the forces is strong with this one

there’s no denying that characters like riza and lan fan have some awesome, badass moments. what’s incredibly frustrating is that these moments tend to only occur when the narrative stakes are very low, and when they aren’t, these women – however strong they are otherwise – are forced into the victim role, helpless and having to be saved by their respective male companions. riza and lan fan each tend to affect the plot in significant ways by being brutalized and victimized rather than being independent, clever, or otherwise “awesome” or “badass,” and this is why i’m not the only one to suggest that their strength feels falsified. (see zudilio’s amazing post here for more info, because it’s a similar topic and it’s just an amazing post. 10/10.)

lan fan, for instance. her first appearance tries to establish her as a formidable fighter, able to go toe-to-toe with ed despite no alchemical ability and holding her own pretty well until he exploits her achilles’ heel: her defensiveness of ling. however, her next big scene subverts this image of lan fan the skilled fighter in a brutal fashion – she doesn’t get in a single hit versus wrath before he badly wounds her, leaving her to be carried around by ling (who, despite having just as much inexperience fighting homunculi and not being a trained guard, is able to fight wrath and gluttony together with the injured lan fan over his shoulder) until she severs her own arm so that ling can escape.

lan fan’s horrific maiming is what motivates ling to accept greed’s philosopher’s stone, stating that she lost the arm to get him this far and that he couldn’t face her if he refused. to be clear: this horrible injury is how lan fan advances the plot, by being is the catalyst for the birth of the second greed, which pushes the plot forward, not the fighting skills the fandom wants her to be known for.

riza gets it even worse in that her victimization advances the plot several times, not just once. first, her backstory, which involves her being tattooed without her consent so that roy can learn flame alchemy from her father. then, she’s made a hostage to keep roy in line, forcing roy to decide if he wants to continue fighting from the inside or go full-on rebel. and, of course, who could forget how her throat is cut in an attempt by the gold-toothed doctor to motivate roy to open the gate and become the fifth sacrifice?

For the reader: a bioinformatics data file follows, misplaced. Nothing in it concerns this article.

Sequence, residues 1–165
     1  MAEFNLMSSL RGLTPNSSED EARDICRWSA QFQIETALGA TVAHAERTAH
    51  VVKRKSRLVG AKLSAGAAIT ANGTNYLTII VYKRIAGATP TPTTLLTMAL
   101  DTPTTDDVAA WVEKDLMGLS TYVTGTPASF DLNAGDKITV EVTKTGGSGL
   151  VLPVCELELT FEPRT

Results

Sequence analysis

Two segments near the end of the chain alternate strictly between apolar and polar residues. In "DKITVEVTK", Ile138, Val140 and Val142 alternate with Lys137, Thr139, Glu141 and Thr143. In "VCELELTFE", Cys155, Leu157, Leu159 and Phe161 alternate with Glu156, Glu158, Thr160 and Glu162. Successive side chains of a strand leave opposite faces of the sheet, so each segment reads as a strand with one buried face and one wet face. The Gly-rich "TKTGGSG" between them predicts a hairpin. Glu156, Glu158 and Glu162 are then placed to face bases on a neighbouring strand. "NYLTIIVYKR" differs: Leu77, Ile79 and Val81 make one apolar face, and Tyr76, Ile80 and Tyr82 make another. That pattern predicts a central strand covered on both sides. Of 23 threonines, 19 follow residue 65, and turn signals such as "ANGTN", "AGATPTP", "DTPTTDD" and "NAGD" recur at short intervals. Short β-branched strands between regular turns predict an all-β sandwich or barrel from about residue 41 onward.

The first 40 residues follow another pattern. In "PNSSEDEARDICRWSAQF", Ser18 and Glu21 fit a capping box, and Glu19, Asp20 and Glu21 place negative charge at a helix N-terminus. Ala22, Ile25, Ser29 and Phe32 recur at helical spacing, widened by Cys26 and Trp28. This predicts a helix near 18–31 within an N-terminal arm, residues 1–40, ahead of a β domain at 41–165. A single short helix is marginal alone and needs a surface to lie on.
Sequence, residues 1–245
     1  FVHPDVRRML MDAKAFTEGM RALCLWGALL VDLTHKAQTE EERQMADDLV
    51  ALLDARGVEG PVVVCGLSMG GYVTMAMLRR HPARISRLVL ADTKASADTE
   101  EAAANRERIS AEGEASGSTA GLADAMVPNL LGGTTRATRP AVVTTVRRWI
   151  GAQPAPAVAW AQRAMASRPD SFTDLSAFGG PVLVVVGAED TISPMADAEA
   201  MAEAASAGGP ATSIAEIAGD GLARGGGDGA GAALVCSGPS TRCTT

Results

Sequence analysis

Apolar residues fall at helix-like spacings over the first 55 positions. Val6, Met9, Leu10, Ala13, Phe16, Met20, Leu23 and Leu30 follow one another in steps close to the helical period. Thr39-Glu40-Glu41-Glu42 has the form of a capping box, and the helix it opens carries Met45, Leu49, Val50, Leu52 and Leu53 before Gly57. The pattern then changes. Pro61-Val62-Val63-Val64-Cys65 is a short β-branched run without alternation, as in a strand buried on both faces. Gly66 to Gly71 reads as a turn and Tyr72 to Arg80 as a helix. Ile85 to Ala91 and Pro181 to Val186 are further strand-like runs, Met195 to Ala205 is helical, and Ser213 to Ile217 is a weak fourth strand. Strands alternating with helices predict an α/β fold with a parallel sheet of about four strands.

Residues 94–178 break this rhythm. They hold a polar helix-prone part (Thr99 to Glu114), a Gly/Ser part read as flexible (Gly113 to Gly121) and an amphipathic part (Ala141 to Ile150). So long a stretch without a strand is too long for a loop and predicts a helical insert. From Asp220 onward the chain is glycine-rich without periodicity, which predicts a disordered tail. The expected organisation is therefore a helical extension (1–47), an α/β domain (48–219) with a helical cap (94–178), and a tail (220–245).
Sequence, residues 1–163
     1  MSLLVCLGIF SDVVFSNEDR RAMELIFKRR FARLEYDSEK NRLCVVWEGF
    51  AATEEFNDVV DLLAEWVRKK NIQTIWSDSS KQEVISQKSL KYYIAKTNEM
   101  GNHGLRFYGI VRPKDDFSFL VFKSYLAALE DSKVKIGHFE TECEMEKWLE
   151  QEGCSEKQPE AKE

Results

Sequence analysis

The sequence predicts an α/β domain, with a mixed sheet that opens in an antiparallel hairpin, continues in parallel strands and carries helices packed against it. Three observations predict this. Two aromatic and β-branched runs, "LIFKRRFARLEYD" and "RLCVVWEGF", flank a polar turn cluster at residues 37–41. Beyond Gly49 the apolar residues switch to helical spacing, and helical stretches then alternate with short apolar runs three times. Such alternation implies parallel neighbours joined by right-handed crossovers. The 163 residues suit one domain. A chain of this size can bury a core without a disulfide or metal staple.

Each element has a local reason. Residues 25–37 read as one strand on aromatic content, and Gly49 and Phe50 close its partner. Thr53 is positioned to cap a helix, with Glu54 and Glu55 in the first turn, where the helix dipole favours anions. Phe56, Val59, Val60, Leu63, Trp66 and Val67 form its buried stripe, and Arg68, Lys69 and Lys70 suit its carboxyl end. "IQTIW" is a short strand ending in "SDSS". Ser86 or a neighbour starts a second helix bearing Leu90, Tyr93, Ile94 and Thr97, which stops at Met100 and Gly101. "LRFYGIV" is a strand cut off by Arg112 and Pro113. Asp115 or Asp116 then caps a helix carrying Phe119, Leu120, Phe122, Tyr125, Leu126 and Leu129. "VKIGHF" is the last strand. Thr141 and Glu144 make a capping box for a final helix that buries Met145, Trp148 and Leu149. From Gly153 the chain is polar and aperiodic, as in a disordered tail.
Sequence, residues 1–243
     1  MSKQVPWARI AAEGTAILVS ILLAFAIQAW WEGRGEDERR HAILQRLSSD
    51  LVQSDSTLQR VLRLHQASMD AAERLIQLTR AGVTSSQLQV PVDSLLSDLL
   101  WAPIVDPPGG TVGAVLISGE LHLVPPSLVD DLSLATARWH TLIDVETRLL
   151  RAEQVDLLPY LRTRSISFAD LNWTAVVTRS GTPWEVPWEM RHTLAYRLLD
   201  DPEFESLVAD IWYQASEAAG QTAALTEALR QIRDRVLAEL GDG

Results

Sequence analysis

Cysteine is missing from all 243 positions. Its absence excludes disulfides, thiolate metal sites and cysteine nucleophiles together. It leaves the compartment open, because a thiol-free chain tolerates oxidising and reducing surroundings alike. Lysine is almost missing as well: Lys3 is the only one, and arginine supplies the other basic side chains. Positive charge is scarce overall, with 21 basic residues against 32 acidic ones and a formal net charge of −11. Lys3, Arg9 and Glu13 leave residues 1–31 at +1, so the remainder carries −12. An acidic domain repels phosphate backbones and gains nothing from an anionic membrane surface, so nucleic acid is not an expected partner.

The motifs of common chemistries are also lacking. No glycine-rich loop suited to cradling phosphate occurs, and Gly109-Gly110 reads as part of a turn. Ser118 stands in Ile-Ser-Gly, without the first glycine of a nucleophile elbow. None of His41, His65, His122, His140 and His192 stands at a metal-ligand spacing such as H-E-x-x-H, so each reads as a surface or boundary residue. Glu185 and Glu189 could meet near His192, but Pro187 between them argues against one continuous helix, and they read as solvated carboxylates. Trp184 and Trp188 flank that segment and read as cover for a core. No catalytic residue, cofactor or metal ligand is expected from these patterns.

riza’s and lan fan’s feats of badassery feel lackluster in comparison, because those moments, however awesome, don’t impact the plot to the same degree – they’re superfluous, icing on the cake. you could easily exclude them and have a largely unchanged story, while their victimization, on the other hand, is necessary to move the story along. essentially, these women are only strong when it doesn’t matter; when the narrative stakes are high, they’re forced into positions of emotional or physical vulnerability, and men swoop in to save the day. (think roy bursting in to kill lust while riza’s sobbing and thinking he’s dead, or, again, ling fighting off two homunculi with lan fan over his shoulder despite having no reason to possess those kinds of fighting skills – i mean, he’s supposed to be this pampered prince, how is he a better fighter than his bodyguard lan fan?)

when their strength impacts the plot so little – just like winry’s automail career that supposedly keeps her from being a wife-in-waiting, which, narratively, she is – it ends up feeling so forced, you might even call it fake.

to be clear, this isn’t me hating on the characters themselves. i absolutely adore lan fan with all my heart, and i like riza and winry enough. my affection for these characters is what drives me to complain and rant about how the narrative treats them with such injustice. i love them enough to say emphatically that they deserve better.

Happy International Women’s Day, all my lovely doves!
It seems like an appropriate day to finally show you my submission piece for Celebration Orlando (which didn’t get chosen - but I’m gonna keep trying). I think a big part of what’s kept me enthralled with Star Wars over the course of my life is how many amazing women are depicted in this universe, and it’s never made to be a big deal. Women are just as capable, inspiring, exciting as the male characters, and that’s just the way it is. Super love to all my Star Wars ladies (and all the EU ladies who I didn’t get to include here, but wanted to).